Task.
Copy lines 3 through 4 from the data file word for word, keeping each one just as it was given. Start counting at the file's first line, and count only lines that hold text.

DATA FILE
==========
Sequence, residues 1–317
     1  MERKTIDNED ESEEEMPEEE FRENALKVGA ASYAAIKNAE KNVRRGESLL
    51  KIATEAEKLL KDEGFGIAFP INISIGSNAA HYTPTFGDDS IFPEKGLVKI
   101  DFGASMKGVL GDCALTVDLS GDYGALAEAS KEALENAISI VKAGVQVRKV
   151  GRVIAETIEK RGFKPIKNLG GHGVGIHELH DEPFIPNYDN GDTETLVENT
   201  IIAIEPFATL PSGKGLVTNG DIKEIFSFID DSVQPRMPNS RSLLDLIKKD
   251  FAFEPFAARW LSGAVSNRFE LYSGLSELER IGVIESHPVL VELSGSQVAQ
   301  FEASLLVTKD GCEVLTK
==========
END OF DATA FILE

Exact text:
    51  KIATEAEKLL KDEGFGIAFP INISIGSNAA HYTPTFGDDS IFPEKGLVKI
   101  DFGASMKGVL GDCALTVDLS GDYGALAEAS KEALENAISI VKAGVQVRKV